Sydney employers affected by stay-at-home orders need more financial support

Published June 25, 2021 -
Syd Lockdown 2.0

More financial support for Sydney employers affected by the latest lockdown will be needed to help alleviate the stress and mental health toll that comes with running a business.

From 11:59pm, the local government council areas of Woollahra, Waverley, Randwick and the City of Sydney will be locked down until 11:59pm Friday 2nd July. This affects residents in the affected areas, as well as those who work there.

The state government has told business owners in the affected areas who are not considered essential that they must close to help stop the spread of the latest COVID-19 cluster.

During Victoria’s recent fourth lockdown, the federal government announced a temporary COVID disaster payment to help eligible workers who have their hours of work and income significantly affected due to state lockdowns, while the Victorian government provided a small support package for employers.

Employsure, Australia’s largest workplace relations, is calling for similar employer support for small business owners affected by the latest Sydney lockdown, as well as continued collaboration between state leaders and their federal counterparts to ensure greater support is provided to SMEs where, and when, it is needed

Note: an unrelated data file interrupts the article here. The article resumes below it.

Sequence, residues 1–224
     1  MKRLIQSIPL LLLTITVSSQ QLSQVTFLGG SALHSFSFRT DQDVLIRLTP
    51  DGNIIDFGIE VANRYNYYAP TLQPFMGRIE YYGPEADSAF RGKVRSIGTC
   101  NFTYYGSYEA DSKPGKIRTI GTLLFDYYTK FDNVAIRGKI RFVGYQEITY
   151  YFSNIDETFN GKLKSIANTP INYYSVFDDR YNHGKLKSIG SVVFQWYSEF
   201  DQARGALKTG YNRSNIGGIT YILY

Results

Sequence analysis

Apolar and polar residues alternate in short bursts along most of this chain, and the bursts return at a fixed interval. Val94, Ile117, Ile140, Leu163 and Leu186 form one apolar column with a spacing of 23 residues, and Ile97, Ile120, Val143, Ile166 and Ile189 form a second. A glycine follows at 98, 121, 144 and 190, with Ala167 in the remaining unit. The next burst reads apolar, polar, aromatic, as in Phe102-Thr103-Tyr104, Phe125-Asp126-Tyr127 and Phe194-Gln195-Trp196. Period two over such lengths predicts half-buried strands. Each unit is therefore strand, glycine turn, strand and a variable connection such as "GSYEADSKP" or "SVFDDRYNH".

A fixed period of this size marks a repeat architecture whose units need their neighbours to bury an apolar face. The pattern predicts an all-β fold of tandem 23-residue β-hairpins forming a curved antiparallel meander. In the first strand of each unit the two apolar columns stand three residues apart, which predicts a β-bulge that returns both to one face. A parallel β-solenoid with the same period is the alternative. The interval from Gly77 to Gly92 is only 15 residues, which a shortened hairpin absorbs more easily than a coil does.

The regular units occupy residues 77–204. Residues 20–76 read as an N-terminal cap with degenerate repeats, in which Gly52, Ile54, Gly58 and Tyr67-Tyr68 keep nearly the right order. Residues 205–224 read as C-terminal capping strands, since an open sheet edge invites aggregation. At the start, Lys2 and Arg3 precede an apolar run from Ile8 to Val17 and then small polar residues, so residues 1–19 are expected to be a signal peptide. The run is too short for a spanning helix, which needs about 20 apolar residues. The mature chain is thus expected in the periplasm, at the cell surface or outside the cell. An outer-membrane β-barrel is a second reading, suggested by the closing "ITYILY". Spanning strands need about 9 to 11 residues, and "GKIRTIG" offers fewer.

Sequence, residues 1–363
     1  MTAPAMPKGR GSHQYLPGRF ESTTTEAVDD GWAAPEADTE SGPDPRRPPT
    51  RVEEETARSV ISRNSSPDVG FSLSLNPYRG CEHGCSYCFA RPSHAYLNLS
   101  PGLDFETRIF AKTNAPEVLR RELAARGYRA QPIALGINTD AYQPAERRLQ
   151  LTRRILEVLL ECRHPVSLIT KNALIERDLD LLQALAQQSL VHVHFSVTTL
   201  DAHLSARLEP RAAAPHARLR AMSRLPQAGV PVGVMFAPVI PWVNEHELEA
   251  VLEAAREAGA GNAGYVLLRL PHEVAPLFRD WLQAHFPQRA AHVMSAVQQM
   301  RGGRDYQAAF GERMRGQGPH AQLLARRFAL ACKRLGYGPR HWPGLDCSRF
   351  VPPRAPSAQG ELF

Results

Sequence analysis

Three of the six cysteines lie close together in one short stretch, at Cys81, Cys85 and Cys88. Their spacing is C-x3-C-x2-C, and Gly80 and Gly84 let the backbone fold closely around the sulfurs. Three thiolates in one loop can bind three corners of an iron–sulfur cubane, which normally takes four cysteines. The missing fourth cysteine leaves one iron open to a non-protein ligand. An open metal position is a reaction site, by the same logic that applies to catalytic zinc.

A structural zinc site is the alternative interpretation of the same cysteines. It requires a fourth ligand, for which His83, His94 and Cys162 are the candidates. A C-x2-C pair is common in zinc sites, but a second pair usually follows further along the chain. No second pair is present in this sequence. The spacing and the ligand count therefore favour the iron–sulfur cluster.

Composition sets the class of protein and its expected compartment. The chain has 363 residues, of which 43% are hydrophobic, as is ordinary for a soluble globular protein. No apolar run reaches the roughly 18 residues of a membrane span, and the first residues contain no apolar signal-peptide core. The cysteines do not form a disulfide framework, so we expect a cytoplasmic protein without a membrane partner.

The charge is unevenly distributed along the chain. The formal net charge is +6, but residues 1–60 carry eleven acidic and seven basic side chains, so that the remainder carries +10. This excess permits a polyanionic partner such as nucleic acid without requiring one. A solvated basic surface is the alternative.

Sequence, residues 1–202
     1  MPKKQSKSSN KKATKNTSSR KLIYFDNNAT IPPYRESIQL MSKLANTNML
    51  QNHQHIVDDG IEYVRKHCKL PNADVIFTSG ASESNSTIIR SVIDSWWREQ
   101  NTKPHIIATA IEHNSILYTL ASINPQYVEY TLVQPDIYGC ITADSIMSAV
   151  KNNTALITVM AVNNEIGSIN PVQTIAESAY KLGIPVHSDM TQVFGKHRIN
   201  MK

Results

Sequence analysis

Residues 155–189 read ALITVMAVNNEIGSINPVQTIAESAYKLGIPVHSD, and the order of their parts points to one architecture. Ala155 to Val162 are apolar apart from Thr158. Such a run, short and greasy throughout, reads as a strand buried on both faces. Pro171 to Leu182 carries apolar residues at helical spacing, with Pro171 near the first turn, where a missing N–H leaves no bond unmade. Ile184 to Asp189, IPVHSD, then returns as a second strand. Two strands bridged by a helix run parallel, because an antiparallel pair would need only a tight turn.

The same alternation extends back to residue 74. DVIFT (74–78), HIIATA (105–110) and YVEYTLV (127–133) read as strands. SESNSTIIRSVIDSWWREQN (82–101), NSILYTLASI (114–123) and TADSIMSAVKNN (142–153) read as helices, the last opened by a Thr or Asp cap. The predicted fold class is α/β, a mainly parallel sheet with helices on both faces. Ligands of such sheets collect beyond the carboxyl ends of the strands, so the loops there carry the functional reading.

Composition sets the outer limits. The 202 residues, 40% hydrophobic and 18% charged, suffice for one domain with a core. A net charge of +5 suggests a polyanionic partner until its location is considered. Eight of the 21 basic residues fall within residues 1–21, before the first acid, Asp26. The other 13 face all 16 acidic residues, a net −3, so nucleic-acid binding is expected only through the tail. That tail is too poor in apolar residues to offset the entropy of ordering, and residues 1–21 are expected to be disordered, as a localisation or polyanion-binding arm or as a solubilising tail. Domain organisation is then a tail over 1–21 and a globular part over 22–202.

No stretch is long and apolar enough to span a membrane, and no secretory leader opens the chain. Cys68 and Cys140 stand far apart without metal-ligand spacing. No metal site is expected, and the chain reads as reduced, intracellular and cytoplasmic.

“There is no disputing that action is required to stop the spread of the virus, particularly given the highly contagious nature of the strain. However, it is imperative that the government understand the cost of operating a business runs far deeper than simply paying staff a wage, and small business owners will feel this financial pressure over the coming week,” said senior employment relations advisor Michael Wilkinson.

“There is high the cost of rent, stock, electricity, internet, equipment, and more to consider, as well as the entitlements employees still accrue, like annual leave. When businesses are forced to close because of a lockdown, it doesn’t automatically stop these costs from accumulating.”

Regardless, non-essential employers who are told to close must abide by the rules. Not only will they incur a fine if they fail to do so, but they risk the health of their staff, customers, and clients. If an employee or independent contractor tests positive to COVID-19 over the coming days, and has physically been in the workplace while infected, their employer must notify health authorities as soon as they become aware.

For essential employers who can remain open in a limited capacity, they must follow all protocols correctly. If they have workers or customers coming into the workplace, they must ensure they’re meeting their health and safety responsibilities and complying with their legal obligations, as well as following any specific government directions.

State governments hold all the cards when it comes to public health directions, and it is their decision on whether or not to go into lockdown when there is a COVID-19 outbreak. 

“More support means less hardship for both employers and their staff. But if employers do not have that extra support, it has a flow on effect to workers, as they eventually won’t have a place of employment to go back to,” concluded Mr Wilkinson.

Further enquiries:

Matthew Bridges

[email protected]

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